Zach FrankelSo the next question was, where to go? Somewhere with bread, somewhere really filling, and somewhere with good vegetarian options (Zach keeps kosher, so no meat while eating out). We decided on Hema's Kitchen (http://www.hemaskitchen.com/home.html). Indian food fits all of those categories, and this place came highly recommended both by Zach and a my African American Indian friend Arif.
This place was pretty much laid out exactly like every other indian restaurant I've ever been to. By that I mean that there were lots of tables somewhat haphazardly organized in a room decorated with interesting paintings and artifacts. I'm not sure if they take reservations, but it really didn't seem like it. We didn't have to wait though and got a nice table ripe for people watching through the large window facing Clark St. The service was prompt, and my water always remained full (important for a spicy indian meal).
One special thing was it was BYOB. With the aims of having the least passover friendly meal possible, Zach brought the wheatiest beer he could find, Sam Adams Imperial White Ale. Also there's no corking charge or anything like that. Finally, it should be noted that I went to the Clark Street location while the main location is on Devon Avenue. From what I've heard the Devon operation is much larger and has a more authentic feel, but its a much further drive from Lincoln Park.
We started off with two Veggie Samosas (deep fried triangles filled with potatoes and other veggies). The crust was flaky, and there was lots of filling, making this one of the better samosas I've had. Also, the tamarind dipping sauce was sweet and thick but not overpowering like it often can be.
For our entrees we shared the Aloo Matar Paneer and the Kofta Lajawab. As my friend Supreet says, "Indian restaurants are simple. They basically have a red sauce and a green sauce and make a huge menu from making as many combinations as possible from a few other ingredients." Both of our dishes were in the red sauce, and given the option between mild, medium, and spicy, we went with medium. The sauce was rich and creamy with plenty of spice for the two of us. The first dish had potatoes, peas, and paneer (a cheese curd that looks and tastes somewhat like tofu) while the second had these little rolls called Kofta which look a little like Moroccan cigars but they're made of veggies, cashews, and cheese. Both dishes had nice textural contrast which can often be a problem in indian cooking with dishes coming out like mushy stews. One catch was that the dishes didn't come with rice or naan (a doughy bread kind of like a pita) so we had to order those in addition to our entrees. At the same time though, the entrees were reasonably priced ($10) and the naan and rice were only $2 each and came in large portions.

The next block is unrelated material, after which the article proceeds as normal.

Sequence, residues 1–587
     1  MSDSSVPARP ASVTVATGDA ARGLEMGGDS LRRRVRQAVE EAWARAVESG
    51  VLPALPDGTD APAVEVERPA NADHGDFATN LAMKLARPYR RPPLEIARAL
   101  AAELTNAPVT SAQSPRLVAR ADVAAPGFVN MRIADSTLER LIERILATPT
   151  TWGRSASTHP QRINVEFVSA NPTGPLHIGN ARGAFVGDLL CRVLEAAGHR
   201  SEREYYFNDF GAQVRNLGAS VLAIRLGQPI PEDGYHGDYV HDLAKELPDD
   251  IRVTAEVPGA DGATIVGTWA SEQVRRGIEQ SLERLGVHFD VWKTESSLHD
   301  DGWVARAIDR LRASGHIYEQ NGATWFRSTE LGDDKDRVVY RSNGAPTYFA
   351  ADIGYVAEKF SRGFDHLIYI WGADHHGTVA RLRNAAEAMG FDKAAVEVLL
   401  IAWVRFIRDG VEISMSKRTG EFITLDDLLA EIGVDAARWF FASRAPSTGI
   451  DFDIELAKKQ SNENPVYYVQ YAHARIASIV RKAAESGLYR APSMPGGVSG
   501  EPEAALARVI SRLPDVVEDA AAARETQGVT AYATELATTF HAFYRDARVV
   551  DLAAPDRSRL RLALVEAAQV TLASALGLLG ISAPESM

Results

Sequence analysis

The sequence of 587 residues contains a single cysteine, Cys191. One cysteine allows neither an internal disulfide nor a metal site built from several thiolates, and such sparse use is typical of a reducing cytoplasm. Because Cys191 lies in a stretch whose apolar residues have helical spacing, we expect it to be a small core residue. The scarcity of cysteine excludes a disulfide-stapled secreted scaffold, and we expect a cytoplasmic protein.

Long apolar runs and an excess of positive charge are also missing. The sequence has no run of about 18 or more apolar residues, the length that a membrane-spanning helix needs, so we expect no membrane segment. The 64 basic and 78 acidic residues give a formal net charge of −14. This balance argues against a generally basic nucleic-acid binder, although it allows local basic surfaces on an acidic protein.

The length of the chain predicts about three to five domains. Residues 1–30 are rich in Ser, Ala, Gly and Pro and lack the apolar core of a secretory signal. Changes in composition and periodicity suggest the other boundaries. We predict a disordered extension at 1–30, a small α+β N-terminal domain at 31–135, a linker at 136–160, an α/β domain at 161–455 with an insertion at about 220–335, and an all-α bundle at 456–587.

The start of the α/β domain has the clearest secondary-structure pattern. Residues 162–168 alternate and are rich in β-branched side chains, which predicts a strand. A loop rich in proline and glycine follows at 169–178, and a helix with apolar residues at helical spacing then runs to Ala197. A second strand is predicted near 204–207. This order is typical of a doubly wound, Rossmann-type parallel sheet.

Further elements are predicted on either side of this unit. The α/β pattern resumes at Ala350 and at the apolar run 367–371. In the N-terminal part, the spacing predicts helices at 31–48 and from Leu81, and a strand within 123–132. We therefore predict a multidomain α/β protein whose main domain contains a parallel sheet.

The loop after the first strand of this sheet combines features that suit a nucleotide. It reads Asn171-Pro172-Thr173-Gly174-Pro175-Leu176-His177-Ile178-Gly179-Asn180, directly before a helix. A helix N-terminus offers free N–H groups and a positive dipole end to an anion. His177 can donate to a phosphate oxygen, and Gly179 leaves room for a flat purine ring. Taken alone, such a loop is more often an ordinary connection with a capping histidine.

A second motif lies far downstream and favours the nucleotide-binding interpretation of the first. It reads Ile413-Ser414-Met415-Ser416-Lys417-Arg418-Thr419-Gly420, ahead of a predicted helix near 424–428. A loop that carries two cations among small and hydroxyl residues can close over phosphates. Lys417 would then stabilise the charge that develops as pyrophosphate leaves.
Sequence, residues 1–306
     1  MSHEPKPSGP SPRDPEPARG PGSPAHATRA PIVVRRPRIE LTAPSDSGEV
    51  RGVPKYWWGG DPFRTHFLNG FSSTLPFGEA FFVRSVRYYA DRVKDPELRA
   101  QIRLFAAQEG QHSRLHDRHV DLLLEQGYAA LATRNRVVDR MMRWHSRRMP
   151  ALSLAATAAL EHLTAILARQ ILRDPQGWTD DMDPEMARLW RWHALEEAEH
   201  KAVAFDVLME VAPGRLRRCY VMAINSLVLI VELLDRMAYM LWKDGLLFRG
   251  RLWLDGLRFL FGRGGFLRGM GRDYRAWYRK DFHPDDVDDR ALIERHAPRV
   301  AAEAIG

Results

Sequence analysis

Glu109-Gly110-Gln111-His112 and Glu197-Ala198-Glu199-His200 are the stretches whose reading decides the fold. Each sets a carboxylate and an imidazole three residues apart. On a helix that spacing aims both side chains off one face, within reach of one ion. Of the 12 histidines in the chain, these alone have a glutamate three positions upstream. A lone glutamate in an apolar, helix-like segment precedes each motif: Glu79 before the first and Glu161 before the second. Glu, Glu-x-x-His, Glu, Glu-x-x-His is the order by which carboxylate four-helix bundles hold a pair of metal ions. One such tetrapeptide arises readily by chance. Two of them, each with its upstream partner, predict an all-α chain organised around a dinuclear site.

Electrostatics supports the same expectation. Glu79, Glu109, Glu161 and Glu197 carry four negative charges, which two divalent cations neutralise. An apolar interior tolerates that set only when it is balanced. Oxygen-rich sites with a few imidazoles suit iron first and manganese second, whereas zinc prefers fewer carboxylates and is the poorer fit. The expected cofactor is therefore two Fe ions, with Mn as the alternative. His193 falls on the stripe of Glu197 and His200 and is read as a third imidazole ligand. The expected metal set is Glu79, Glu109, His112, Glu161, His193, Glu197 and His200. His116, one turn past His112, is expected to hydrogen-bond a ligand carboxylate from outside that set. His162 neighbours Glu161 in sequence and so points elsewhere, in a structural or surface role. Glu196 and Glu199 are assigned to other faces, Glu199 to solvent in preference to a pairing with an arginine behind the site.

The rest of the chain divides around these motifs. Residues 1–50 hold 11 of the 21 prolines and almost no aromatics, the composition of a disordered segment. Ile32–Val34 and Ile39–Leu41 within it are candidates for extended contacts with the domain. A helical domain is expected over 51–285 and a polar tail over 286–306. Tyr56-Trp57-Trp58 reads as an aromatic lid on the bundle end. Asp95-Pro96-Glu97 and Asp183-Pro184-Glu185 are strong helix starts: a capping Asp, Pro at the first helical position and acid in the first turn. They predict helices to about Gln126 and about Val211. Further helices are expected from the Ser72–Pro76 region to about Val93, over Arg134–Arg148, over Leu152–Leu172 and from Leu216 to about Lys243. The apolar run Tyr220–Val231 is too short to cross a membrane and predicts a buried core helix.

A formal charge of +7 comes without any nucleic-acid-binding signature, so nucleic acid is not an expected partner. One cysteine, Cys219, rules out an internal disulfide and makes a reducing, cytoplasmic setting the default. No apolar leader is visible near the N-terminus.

Left: Kofta, Right: Paneer
I hadn't had indian food in a long time, and Hema's Kitchen really hit the spot. I'd put it on par with Bombay Indian Grill for all of you Champaigners out there, except Hema's is cheaper. There were lots of awards from the typical food critic places on the walls too. Ultimately, I'd like to think that if it's a good enough indian restaurant to cut in on Devon then it must be pretty good, and that the owners were just nice enough to open up a location near me. Also, there seemed to be plenty of indian people eating there which is a good sign. As far as cost goes, I think $10 for an indian dinner is average, not necessarily a steal, but not bad. Now, as a place to end your Passover I would heavily recommend this carb heavy meal.
On a big picture blog note, I've heard from a bunch of you that I should start some kind of rating system for places. Suggestions of all kinds have come in, and I'm working out the details. For now I'm going to go with the winning suggestion from Marc Joseph and give Hema's Kitchen 3.5 / 5.0 Pearls.